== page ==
Microbiologists study the basic anatomy, genetics and physiology of micro-organisms, such as bacteria, fungi and viruses, as well as the vital interaction between micro-organisms and the environment.

They apply this knowledge to manipulate micro-organisms both ecologically and industrially, to improve the quality of life and to diagnose and control micro-organisms which contaminate human beings, animals and plants.

Micro-organisms are found everywhere, from places such as Antarctica, to the volcanic pipes on the bottom of the ocean with temperatures of 268 degrees centigrade, the salt pans in Namibia, the bloodstream of animals, and swamps where the only source of food is carbon dioxide. Even though they are very small and usually invisible to the naked eye, micro-organisms play vital roles in biological activities in our environment as they interact with human beings and animals, either detrimentally or beneficially.

In the medical world, microbiologists are involved in the quick and accurate location and identification of pathogenic micro-organisms. They develop effective vaccines and methods of preventing epidemics of dangerous diseases.

Microbiologists are involved in various activities such as:

  • finding solutions for fresh water pollution

  • the identification of pathogenic micro-organisms

  • prevention of food decay

  • microbiological processes in the industry where micro-organisms are used in the manufacture of chemicals

  • the control of unwanted microbe activities which can cause losses, for example the degradation of aviation fuel, the corrosion of iron tubing and the breaking down of textile products

  • micro-organisms are also used in the production of antibiotics

Areas of specialisation include:

  • Environmental Microbiology

  • Genetics

  • Immunology

  • Medical Microbiology

  • Mycology

  • Virology

  • research

  • teaching

  • administration

  • Laboratory Direction (Supervision)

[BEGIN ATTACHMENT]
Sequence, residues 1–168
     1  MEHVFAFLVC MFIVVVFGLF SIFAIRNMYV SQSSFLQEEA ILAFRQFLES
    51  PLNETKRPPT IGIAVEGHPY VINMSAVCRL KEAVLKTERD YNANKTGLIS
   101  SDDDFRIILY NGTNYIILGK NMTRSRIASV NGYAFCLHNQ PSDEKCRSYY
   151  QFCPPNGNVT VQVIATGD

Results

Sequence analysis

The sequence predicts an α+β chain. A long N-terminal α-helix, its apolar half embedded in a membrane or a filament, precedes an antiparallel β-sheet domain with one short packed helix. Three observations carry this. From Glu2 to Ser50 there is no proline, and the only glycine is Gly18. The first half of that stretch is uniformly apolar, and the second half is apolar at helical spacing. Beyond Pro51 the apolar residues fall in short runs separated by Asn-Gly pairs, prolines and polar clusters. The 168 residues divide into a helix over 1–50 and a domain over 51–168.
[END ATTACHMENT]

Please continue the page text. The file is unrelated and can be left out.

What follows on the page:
• Product and Process Control

Microbiologists work in laboratories in a wide range of employment areas. Laboratories are equipped with microscopes, dyes, stains, beakers, test tubes and other laboratory and testing equipment. Special care must be taken to keep the work areas sterile, and safety precautions must be taken when working with disease-causing organisms. Some microbiologists work in specially designed areas. Others work in areas which house laboratory equipment and animals. The actual setting depends on the size, type, location and financial resources of the employer.


  • hospitals

  • clinics and other health care facilities

  • medical schools

  • medical research councils

  • agricultural research organisations

  • food, fermentation and pharmaceutical industries

  • SABS

  • CSIR

  • Department of Agriculture

  • Department of Health

  • Department of Water Affairs and Forestry

  • Department of Trade and Industry

  • universities and universities of technology

  • practising pathologists

Getting Started

  • try to get vacation work as a laboratory aid, or hospital orderly, attendant or a volunteer

  • arrange to speak to a microbiologist about this type of career


Botswana College of Agriculture and Natural Resources, Botswana International University of Science and Technology, Kyambogo University, Malawi University of Science and Technology, Masinde Muliro University of Science and Technology, Mount Kenya University, Mukuba University, Multimedia University of Kenya, Namibia University of Science and Technology, Nelson Mandela University, North-West University, Rusangu University, Sokoine University of Agriculture, The Copperbelt University, University of Cape Coast, University of Cape Town, University of Dar Es Salaam, University of Johannesburg, University of Malawi (Chancellor College), University of Namibia, University of Pretoria, University of Stellenbosch, University of the Free State, University of Zambia, Vaal University of Technology